“Treyf Pesach”— A Fascinating Poetic Look at Judaism

 

Obenzinger, Hilton. “Treyf Pesach”, Ithuriel’s Spear, 2017.

A Fascinating Poetic Look at Judaism

Amos Lassen

We live in a world where blasphemy has become something we see and hear almost everyday and, in fact, I am not even sure I know what it is anymore. Certainly the works of the Westboro Baptist Church are blasphemous because they are so negative and often disgusting but when one takes potshots at his own religion in fun, I am not sure that we can call that blasphemy. This is what Hilton Obenzinger has done in “Treyf Pesach”, his collection of outrageous and exciting poems about traditional Judaism. There is a great deal of truth in what he has to say. Poet Obenzinger takes radical steps away from rituals, formats and conventions and gives us alternative Passover Seders, Yom Kippur liturgy, Thanksgiving prayers, psalms and other poems and he does so through the use of “proclamations, resolutions, jazz improvisations, incantations, rants, orations, comic monologues, oil spills, life spills, songs, visions, undocumented documents, borders, suns, farewells, minutes of meetings, talk-stories, and all accompanied by provocative drawings of Treyf Passover Seder plates by artist Charles Steckler.”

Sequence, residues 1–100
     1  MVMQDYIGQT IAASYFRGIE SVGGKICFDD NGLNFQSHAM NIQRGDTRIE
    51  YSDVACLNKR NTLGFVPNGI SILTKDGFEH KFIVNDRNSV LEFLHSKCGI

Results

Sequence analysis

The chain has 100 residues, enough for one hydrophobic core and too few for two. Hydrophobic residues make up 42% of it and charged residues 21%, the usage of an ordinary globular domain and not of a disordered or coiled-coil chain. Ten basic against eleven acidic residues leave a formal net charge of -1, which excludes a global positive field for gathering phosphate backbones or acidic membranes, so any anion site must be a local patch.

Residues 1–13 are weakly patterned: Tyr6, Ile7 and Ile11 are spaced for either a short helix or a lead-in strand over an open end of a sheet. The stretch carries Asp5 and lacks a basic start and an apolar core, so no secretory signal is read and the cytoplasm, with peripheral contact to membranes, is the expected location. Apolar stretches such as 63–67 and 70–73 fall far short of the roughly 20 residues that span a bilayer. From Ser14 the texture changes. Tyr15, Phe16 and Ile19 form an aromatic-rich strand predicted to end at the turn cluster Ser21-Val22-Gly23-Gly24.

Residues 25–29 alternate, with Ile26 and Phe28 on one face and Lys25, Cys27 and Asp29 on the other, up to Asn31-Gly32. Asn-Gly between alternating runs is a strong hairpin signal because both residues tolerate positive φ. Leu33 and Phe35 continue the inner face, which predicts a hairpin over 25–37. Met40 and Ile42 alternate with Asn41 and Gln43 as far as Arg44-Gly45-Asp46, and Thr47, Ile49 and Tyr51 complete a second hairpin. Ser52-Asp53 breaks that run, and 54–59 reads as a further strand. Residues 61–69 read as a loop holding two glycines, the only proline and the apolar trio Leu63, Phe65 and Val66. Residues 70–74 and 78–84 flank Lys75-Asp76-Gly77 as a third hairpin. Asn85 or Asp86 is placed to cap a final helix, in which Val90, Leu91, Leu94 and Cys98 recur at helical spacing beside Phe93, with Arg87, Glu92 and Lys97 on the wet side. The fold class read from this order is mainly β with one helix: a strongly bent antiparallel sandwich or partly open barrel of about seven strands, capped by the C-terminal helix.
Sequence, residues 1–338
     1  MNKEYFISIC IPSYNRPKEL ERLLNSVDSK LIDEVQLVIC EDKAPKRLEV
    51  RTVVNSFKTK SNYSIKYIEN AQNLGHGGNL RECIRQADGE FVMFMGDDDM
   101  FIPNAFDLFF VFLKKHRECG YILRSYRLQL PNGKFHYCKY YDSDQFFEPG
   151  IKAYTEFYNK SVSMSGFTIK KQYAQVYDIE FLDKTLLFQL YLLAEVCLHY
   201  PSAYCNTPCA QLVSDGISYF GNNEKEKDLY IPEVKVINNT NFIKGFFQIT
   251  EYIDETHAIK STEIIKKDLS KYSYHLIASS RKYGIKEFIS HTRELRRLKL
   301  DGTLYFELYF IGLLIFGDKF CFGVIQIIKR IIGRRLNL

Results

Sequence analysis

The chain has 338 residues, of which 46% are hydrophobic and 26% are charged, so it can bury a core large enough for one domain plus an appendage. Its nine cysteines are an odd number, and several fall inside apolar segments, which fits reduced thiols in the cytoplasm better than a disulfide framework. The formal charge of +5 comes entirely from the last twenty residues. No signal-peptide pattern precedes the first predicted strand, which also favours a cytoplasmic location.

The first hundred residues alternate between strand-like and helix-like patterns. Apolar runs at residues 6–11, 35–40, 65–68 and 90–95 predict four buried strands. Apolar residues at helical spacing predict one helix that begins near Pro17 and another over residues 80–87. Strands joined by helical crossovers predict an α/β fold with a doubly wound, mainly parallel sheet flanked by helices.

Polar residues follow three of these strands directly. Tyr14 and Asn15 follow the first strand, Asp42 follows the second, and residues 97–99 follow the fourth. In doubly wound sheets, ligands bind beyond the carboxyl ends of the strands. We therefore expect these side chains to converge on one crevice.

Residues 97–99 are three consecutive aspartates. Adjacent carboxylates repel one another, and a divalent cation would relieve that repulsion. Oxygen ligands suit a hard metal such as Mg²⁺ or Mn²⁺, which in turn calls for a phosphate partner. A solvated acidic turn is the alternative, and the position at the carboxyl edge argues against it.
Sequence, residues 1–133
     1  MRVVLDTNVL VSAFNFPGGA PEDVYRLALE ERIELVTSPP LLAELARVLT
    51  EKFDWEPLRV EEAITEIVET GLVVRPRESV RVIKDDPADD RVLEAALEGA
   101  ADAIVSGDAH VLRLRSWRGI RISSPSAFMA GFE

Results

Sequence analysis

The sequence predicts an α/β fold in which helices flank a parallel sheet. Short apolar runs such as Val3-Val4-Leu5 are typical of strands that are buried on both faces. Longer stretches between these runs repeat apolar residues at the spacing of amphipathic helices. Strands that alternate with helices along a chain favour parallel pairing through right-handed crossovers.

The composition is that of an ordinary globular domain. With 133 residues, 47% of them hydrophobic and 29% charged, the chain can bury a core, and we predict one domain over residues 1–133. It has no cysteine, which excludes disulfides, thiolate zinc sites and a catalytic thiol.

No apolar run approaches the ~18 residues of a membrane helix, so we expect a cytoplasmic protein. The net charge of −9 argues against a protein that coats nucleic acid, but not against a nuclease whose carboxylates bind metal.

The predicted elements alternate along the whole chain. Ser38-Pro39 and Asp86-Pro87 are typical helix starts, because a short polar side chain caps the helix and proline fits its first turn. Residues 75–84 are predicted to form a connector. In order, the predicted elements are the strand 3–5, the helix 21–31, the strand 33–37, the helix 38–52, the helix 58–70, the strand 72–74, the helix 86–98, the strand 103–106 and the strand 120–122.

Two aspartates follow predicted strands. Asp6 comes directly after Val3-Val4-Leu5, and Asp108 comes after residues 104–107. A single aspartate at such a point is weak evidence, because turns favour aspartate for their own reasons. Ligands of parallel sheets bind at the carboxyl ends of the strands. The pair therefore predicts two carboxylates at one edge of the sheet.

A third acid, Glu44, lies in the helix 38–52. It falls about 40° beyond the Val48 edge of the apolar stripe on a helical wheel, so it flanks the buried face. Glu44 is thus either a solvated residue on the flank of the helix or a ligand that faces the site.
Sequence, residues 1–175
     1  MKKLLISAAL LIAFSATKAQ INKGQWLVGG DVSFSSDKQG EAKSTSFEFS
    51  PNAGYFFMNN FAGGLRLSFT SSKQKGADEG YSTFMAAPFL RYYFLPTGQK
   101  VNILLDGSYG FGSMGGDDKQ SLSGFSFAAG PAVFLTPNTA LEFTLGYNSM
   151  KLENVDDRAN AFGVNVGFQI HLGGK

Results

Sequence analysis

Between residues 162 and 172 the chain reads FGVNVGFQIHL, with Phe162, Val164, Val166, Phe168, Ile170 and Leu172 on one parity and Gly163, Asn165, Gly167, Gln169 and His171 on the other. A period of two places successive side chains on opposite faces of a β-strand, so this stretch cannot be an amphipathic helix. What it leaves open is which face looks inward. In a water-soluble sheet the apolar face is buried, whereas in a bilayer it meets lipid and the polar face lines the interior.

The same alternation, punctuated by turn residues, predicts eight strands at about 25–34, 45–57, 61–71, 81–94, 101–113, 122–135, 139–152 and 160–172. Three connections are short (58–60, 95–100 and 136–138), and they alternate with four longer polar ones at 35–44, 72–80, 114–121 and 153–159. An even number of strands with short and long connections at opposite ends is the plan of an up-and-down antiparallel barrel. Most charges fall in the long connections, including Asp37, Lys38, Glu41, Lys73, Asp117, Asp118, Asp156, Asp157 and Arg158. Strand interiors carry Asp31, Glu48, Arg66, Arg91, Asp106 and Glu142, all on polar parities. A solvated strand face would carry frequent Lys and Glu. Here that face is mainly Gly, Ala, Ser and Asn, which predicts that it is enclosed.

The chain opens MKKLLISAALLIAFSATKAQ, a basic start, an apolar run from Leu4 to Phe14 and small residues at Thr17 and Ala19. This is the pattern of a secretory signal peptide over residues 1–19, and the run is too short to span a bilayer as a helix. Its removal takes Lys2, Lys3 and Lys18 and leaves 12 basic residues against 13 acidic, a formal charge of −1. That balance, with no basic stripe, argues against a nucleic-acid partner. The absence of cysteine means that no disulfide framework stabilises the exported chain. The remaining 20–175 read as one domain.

They symbolic Seder plate that sits at the middle of the table at every Passover table here is decorated with un-kosher food and the story of the Exodus is related with different meanings such as using whiskey instead of wine as we recount the continual slavery of wars and military occupations.

The various poems take place over years and occasions that include “vicious aggressions, to absurd walls, to smallpox blankets, to oil spouting across the Gulf, and more, all framed by the first months of the Trump regime.” Some of these have been read at Seders, Yom Kippur services, Thanksgiving Day benedictions, Sunday fellowships, and other ceremonies but most, because of what they say and how they say are best read silently. Nonetheless, I already have a few ideas for next year’s Seder.

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